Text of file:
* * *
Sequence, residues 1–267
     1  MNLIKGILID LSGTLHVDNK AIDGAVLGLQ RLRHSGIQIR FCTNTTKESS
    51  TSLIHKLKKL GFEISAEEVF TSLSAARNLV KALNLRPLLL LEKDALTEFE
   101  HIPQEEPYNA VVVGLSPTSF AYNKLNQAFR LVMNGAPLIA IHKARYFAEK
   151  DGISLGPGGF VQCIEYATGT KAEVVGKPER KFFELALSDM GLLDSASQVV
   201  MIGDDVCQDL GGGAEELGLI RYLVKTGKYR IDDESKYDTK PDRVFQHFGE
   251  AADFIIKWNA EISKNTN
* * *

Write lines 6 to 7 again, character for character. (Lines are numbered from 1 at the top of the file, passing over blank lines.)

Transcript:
   201  MIGDDVCQDL GGGAEELGLI RYLVKTGKYR IDDESKYDTK PDRVFQHFGE
   251  AADFIIKWNA EISKNTN